People who collect Social Security Disability Insurance can receive Medicare coverage if they've been on disability long enough. Unlike Medicare for seniors, there's no age requirement for Medicare for the disabled. Only hospital insurance is free, but disabled people can also qualify for medical and prescription coverage through Medicare. In addition, private Medicare plans are available in many areas.
Qualifying for Social Security Disability
People who become too disabled to work for at least a year or whose disability may lead to death can qualify for Social Security Disability Insurance. Qualifying for SSDI requires sufficient work credits paying into Social Security -- usually at least 10 years of work.
The definition of "disability" for Social Security is strict. You must not be able to work at your previous occupation, and you must be unable to do other work because of your health condition. If you believe you qualify for benefits, you can apply online.
Obtaining Basic Medicare
Once you've been granted Social Security disability, you don't have to apply for Medicare. After you've been receiving disability payments for two years, the Social Security Administration enrolls you automatically in Medicare Part A, hospital insurance, and Part B, medical insurance. For example, Part B pays for outpatient hospital services and doctor bills. There's no age requirement.
Part A hospital coverage is free because it's paid for by payroll taxes. However, you must pay a monthly premium to accept enrollment in Part B medical coverage. Part B premiums are $104.90 monthly as of publication. Higher premiums are required from people with incomes over a certain amount; as of publication, the amount is $85,000 for those filing an individual or separate return and $170,000 for those filing a joint return.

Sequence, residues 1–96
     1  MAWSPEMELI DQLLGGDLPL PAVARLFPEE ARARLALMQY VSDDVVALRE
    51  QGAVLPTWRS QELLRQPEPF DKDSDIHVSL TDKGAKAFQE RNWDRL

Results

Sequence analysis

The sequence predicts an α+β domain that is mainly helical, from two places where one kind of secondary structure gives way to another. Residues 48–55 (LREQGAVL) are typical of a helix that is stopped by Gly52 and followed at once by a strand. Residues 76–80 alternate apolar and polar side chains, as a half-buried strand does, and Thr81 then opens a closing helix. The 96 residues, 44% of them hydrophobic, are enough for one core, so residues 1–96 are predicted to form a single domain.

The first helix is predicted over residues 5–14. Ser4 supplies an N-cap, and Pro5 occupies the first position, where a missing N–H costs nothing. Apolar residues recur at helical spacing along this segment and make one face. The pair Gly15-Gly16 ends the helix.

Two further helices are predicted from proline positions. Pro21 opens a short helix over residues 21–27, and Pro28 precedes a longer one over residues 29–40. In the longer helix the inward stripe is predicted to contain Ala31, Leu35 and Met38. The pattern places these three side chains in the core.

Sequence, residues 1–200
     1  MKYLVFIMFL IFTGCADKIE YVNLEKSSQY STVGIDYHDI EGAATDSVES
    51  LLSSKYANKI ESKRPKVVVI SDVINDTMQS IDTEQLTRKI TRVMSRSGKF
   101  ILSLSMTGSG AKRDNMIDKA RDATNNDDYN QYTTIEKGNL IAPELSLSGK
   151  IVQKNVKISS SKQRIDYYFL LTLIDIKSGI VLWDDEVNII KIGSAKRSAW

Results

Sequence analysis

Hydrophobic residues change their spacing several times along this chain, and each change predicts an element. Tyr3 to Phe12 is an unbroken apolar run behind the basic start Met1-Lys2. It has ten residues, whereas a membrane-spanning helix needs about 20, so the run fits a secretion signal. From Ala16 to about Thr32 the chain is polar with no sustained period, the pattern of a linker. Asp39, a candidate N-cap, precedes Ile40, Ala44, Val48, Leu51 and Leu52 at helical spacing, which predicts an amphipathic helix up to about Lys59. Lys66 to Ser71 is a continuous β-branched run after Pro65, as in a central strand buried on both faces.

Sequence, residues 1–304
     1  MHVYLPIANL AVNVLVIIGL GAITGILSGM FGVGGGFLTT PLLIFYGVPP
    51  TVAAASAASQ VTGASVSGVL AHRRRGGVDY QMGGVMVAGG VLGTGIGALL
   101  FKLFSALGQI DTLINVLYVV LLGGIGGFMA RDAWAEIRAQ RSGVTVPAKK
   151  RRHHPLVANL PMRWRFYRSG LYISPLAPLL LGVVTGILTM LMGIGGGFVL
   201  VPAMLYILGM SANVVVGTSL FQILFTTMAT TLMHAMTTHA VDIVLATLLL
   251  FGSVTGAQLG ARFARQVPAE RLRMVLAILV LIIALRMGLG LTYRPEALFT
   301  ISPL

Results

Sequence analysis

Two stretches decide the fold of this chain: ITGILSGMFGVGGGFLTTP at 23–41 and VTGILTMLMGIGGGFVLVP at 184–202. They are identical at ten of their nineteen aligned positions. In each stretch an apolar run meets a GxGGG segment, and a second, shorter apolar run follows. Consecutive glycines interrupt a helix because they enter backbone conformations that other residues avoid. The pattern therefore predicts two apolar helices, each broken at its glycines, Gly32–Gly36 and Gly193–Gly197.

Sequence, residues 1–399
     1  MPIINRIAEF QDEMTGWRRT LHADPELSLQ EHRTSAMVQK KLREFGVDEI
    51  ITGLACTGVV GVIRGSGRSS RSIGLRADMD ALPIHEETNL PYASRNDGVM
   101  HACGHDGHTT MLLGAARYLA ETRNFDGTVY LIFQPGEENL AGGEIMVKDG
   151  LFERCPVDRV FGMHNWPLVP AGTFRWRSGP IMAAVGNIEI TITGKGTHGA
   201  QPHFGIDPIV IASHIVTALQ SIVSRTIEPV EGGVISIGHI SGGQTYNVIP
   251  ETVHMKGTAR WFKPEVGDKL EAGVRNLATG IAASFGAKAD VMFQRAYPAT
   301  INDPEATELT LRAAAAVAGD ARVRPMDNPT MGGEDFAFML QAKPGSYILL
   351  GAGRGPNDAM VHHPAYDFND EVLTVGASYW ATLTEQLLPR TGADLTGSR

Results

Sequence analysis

Part C and Part D Coverage
If you prefer, you can enroll for coverage through a Medicare Advantage plan from an insurance company, also called Part C. Advantage plans replace the hospital and medical coverage of original Medicare Parts A and B; some include additional benefits, such as prescription drug coverage. Types of Advantage plans include health maintenance organizations, HMOs and preferred provider plans.
If you have original Medicare A and B or if your Advantage plan doesn't include drug coverage, you can also purchase prescription coverage as Medicare Part D through an insurance company.
The premiums for Part C and Part D coverage depend on the particular company and your choice of plan.
Additional Costs and Getting Help
Medicare subscribers must also pay deductibles and other costs, such as co-payments. For example, as of publication, original Medicare has a Part A deductible of $1,260 for each benefit period and a Part B deductible of $147 each year. Costs such as co-payments for Part C and D coverage depend on the particular plan.
If you have low income and limited resources, you may qualify for help in paying your Medicare premiums and other costs. Apply for aid through a local or state welfare agency or through Medicaid.
- Social Security: Disability Planner -- Medicare Coverage If You're Disabled
- Social Security: Disability Planner -- How You Qualify for Social Security Disability Benefits
- Medicare.gov: Medicare 2015 Costs at a Glance
- Medicare.gov: How to Get Drug Coverage
- Medicare: Different Types of Medicare Advantage Plans
- Medicare.gov: Part B Costs
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